Last Of The Giants: The True Story Of Guns N’ Roses by Mick Wall review

Maximum rock’n’madness

Cover artwork for Last Of The Giants: The True Story Of Guns N’ Roses by Mick Wall

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Mick Wall’s ballsy, Metal Gonzo MO is made for Guns N’ Roses (so much so that he’s already written an Axl biography). He’s in the room partying with them almost from the start, though not early enough to experience the squalor of Hell House, the LA address where the band earned their reputation for depravity. The music matched this arrogant chaos, and sales, money, sex and drugs on a scale no rock group would see again duly consumed them.

Lost, unhappy childhoods are sketched in as motivation, but Rose’s realisation that he was a meal ticket who would be infinitely indulged, leading to contemptuous fiascos like Reading 2010, is uniquely selfish. Wall’s late-night interview with a kinder, gentler Axl, waxing lyrical about 10cc, ELO and Elton’s weird chord progressions, forms the case for the defence.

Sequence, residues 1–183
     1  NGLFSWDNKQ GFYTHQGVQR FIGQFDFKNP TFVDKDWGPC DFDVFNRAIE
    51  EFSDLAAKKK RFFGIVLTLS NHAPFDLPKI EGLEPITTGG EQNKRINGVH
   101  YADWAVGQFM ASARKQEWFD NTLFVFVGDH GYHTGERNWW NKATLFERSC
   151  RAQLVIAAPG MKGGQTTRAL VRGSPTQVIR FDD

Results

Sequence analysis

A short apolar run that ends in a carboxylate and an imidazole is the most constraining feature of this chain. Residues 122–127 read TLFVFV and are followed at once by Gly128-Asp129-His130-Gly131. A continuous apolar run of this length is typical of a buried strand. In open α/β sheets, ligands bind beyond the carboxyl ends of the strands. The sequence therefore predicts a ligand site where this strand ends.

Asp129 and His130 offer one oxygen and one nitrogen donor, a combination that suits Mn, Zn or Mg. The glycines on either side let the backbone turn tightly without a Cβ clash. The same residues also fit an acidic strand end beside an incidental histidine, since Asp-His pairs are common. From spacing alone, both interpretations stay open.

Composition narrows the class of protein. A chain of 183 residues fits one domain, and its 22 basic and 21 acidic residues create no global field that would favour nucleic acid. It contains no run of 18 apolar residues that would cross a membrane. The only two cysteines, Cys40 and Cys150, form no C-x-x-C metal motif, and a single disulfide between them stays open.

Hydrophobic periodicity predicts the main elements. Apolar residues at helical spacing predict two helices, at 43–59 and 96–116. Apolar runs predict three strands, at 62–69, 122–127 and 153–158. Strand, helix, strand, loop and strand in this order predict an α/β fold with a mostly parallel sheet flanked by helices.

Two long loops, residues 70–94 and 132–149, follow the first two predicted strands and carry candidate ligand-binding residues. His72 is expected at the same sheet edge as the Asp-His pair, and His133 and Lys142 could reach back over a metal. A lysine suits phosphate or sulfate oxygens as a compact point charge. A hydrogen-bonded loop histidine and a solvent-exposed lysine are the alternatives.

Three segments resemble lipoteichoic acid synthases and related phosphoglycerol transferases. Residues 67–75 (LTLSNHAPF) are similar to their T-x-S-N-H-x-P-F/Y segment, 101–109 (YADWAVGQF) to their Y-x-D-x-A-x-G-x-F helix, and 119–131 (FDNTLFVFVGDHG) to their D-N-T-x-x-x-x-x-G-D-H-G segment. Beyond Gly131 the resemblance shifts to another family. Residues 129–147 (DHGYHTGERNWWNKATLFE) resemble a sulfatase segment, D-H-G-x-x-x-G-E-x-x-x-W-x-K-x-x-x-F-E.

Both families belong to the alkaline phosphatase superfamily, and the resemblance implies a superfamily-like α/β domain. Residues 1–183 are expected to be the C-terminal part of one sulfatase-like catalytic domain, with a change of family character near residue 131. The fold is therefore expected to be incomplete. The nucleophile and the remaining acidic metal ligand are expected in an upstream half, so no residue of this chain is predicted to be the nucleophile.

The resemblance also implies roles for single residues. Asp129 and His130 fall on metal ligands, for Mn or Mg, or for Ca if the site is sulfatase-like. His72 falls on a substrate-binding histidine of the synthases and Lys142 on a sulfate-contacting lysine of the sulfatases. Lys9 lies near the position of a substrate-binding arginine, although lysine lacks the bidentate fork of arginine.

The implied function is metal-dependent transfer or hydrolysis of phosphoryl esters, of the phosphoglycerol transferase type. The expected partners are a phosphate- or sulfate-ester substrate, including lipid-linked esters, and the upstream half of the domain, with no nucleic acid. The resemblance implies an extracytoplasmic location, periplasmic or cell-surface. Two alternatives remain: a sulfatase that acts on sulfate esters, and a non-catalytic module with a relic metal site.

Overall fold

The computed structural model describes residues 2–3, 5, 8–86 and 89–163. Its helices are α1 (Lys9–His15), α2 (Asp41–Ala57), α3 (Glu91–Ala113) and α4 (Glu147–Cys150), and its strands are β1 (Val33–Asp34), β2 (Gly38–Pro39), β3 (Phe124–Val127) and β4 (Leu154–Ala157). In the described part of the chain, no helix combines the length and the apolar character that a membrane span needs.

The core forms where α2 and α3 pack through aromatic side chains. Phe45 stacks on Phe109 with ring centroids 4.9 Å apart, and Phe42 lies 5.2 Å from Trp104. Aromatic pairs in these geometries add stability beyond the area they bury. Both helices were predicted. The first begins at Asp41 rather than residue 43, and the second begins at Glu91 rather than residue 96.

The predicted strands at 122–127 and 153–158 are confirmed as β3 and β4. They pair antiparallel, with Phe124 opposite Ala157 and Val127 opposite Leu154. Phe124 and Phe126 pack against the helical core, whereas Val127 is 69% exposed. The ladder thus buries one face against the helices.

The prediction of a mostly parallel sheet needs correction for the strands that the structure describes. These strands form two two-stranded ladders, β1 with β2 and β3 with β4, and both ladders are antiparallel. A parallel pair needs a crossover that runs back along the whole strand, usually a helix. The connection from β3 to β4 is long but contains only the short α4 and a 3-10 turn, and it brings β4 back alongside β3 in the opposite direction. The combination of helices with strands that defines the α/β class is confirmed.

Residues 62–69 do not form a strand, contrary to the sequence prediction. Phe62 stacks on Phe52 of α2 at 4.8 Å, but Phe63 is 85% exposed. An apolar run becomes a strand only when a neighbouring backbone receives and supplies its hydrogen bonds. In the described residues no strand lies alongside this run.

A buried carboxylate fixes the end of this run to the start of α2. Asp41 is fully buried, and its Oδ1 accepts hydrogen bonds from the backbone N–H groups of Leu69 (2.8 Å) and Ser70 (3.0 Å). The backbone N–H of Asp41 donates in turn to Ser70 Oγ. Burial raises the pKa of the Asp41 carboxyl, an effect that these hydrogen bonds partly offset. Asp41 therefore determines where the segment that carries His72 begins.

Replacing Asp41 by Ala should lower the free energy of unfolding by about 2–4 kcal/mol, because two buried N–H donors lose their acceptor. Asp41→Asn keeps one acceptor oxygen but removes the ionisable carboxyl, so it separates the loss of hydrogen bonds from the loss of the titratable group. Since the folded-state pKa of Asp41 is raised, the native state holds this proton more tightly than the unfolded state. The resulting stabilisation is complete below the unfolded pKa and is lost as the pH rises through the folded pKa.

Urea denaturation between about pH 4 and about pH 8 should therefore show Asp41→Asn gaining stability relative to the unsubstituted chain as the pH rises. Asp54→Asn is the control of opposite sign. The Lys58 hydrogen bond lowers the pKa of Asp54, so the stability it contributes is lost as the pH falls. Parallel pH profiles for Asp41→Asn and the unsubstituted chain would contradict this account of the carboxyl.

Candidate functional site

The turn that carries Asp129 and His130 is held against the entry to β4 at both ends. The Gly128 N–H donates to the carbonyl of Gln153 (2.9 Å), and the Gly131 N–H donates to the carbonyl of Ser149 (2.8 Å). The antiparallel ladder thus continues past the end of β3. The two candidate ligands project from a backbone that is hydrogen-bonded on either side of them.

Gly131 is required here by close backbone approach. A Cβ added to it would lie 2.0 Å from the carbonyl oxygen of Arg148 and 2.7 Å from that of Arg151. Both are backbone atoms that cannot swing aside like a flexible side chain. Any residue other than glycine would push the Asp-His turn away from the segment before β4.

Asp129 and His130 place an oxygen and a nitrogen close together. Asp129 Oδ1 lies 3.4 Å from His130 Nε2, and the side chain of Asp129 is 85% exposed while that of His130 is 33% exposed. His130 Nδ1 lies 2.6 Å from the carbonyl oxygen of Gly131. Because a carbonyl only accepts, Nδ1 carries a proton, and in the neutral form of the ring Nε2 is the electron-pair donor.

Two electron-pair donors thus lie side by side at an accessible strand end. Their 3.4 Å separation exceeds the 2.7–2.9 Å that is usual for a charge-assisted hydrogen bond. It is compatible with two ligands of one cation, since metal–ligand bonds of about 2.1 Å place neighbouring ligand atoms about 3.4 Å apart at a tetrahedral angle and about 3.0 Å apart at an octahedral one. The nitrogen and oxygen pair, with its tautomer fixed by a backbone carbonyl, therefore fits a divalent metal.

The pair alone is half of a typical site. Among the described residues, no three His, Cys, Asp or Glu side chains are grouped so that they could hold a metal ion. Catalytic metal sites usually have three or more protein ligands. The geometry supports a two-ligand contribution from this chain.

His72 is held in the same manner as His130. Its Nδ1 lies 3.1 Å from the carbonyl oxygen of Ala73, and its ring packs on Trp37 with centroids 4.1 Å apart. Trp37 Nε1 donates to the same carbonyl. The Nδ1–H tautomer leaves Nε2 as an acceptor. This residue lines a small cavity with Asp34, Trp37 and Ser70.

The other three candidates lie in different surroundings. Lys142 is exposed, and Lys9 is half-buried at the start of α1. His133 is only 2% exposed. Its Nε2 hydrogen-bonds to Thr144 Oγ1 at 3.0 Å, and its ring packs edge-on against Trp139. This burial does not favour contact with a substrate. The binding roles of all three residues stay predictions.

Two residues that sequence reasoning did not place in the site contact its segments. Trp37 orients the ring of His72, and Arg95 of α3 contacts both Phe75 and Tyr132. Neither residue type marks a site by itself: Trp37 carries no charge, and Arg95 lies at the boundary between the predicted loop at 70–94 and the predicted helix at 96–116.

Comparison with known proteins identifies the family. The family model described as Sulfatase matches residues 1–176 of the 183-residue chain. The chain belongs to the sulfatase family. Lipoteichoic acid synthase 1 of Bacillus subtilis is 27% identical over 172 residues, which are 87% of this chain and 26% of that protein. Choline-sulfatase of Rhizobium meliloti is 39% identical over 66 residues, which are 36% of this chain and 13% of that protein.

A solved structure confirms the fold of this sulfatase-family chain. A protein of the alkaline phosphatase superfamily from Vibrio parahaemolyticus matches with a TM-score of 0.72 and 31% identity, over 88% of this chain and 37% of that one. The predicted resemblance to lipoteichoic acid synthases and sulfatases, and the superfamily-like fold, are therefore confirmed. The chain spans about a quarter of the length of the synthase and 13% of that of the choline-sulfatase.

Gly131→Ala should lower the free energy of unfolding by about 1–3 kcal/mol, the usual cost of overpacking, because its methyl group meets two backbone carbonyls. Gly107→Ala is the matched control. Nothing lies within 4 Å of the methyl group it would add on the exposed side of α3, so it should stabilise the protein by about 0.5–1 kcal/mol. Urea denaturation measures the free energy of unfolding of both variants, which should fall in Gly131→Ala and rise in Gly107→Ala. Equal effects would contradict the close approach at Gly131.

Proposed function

The tragicomic saga of Chinese Democracy is told in forensic, excruciating detail, including abortive comeback gigs where the bloated, panicked singer realises he can no longer sing, though Wall makes a bullish case for the album itself. Meanwhile, Velvet Revolver’s parallel career gets its own sad coda, as the author has a last word with Scott Weiland, shortly before his death.

Last Of The Giants goes up to Axl’s unlikely, workaholic comeback fronting G’N’R and AC/DC, and you’ll need a detox after reading it.

Nick Hasted

Nick Hasted writes about film, music, books and comics for Classic Rock, The Independent, Uncut, Jazzwise and The Arts Desk. He has published three books: The Dark Story of Eminem (2002), You Really Got Me: The Story of The Kinks (2011), and Jack White: How He Built An Empire From The Blues (2016).